By Joel Warner
By Michael Roberts
By Alan Prendergast
By Michael Roberts
By Michael Roberts
By Amber Taufen
By Patricia Calhoun
By William Breathes
But that wasn't all. A few days later, Johnson was brought into a Denver courtroom and informed that he was being charged not only with a parole violation, but with a new crime: escape. Until that moment, he insists, nobody told him that the pager meant he was again on intensive supervision parole. Walking away from ISP carries an automatic felony escape charge. Although calling his supervision "intensive" might be a stretch -- Johnson says he had only one brief meeting with his parole officer during his three weeks at the shelter -- he was now facing four to twelve years in prison for failing to follow the rules.
"I was shocked," he says. "There were all these guys in county [jail] with me who were charged with escape, too, guys who'd been living in shelters or at home with pagers. I couldn't believe it. When the judge told me I was looking at another twelve years, I couldn't even speak. I just about shit my pants."
His back against the wall, Johnson readily accepted a plea deal that added one year to his sentence for the escape. He's now in the Sterling Correctional Facility, serving the rest of his drawn-out time. With good behavior, he should be back on the streets by this time next year, with another two years of parole to do. Assuming he actually finishes his parole this time, his theft of $1,500 will have cost him nearly a decade of his life -- and cost Colorado taxpayers roughly a quarter million dollars in incarceration costs, court appearances and other expenses related to his incessant parole failures.
Multiply Johnson's situation by several thousand similarly situated inmates, and you can see how Colorado's troubled parole system is punishing everyone in the state. The population of parolees is skyrocketing in Colorado; so is the failure rate. And most of the failures are chronic, low-level offenders like Johnson -- many of them homeless, all of them caught in a complex and exceedingly expensive revolving door.
In January, DOC officials stunned state legislators with a request for more than half a billion dollars in additional funding to keep up with the projected growth rate of the prison population. The number of Colorado inmates has grown at more than twice the national average over the past decade and now stands at more than 21,000; it's expected to increase to 29,000 by 2011. Just providing beds for that influx will require $386 million to build new prisons and an additional $168 million in operating costs for those prisons over the next five years, DOC officials say. This, of course, is on top of the department's $600 million annual budget.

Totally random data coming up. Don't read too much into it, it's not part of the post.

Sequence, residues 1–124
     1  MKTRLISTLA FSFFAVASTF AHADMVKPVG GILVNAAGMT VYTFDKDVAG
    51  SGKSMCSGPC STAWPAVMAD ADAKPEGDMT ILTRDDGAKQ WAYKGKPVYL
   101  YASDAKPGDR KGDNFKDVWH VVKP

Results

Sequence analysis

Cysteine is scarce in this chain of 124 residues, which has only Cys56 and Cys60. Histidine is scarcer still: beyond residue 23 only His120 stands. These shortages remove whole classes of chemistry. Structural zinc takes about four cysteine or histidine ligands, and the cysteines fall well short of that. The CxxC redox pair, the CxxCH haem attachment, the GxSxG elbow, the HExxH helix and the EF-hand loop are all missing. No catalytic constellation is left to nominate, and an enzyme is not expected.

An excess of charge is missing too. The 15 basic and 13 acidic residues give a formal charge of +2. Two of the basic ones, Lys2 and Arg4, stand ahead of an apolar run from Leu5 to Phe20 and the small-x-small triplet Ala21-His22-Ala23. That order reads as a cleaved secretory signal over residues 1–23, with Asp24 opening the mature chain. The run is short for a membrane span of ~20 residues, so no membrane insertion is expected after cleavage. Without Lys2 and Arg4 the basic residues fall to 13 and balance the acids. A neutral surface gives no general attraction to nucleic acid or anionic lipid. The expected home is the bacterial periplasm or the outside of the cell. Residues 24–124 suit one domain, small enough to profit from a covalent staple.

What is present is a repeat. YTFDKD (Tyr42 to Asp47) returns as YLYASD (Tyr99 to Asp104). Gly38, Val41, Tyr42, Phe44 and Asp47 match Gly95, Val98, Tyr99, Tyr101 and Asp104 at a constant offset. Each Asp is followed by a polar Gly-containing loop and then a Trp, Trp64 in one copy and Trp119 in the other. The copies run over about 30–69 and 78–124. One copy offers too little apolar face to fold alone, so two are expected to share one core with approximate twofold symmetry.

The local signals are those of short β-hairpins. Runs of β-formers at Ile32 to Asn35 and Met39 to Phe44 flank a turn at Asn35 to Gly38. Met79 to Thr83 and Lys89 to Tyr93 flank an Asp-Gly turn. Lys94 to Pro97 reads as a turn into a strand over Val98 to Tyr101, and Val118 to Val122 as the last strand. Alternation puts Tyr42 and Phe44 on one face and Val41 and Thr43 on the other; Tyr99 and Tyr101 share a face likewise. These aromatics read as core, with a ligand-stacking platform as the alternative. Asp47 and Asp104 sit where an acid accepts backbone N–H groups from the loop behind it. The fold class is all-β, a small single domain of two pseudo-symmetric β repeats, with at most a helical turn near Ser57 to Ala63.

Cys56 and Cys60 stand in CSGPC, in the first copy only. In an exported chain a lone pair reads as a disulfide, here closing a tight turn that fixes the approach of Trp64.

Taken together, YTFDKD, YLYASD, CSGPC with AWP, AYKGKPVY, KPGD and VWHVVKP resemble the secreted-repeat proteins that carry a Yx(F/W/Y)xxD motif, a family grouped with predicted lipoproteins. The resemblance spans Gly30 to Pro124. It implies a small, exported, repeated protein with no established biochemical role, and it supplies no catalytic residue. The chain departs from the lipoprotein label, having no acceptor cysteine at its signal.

Lawmakers were appalled by the DOC's pronouncement and scrambled to come up with alternatives. But department spokesmen defended their hefty request, arguing that it was a logical outcome of anticipated population growth and neglect of prison-expansion needs during the recent years of budget cuts. Missing from the discussion, though, was any acknowledgement that the bed shortage is a direct result of the parole logjam.
No one talked about the inmates who have technically been "paroled" but will remain in prison until their mandatory release date; the inmates whose paroles have been postponed or denied because there's no place to put them once they're released; and, most costly of all, the hordes of parolees who are winding up right back in the system again, heaped with parole violations or serving time for "new crimes" that, in many cases, are directly related to the conditions of their parole.
More than half of all parolees fail to complete parole the first time around, and the numbers are getting worse. In the last fiscal year, 6,443 Colorado prisoners were released on parole. During the same twelve-month period, 3,473 parolees returned to prison, after an average stay on the streets of ten months. Of the 9,415 "new" inmates entering the state's prisons last year, one in three was a parole violator going back to serve more time on an old sentence. If current trends continue, within a few years the figure will be one in two.
Defenders of the current system say parole isn't supposed to be easy and that there will always be failures. But reformers contend that parole in Colorado has become unduly complicated, onerous and unworkable; they'd like to see the system scrapped or substantially overhauled. By investing even modest sums in additional resources for parolees -- including crucial but politically unpopular programs that provide transitional housing, job training and substance-abuse treatment -- the success rate could change dramatically, they suggest, freeing up prison beds for more serious criminals and saving tens of millions of dollars now sought for more prisons.
"There are a lot of people going back to prison intentionally because they can't make it out here," says Christie Donner, co-director of the Colorado Criminal Justice Reform Coalition. "We just haven't built a very good re-entry system in Colorado. Paroling homeless is not a parole plan."
But fixing parole won't be easy, either. Three years ago Donner's group helped pass legislation designed to ease the parole backlog. But the new law seems to have had some unintended consequences, including more revocations and a sizable leap in the number of new felony charges filed against parole violators. And no one has come up with a simple answer for the growing ranks of homeless parolees such as Jake Johnson.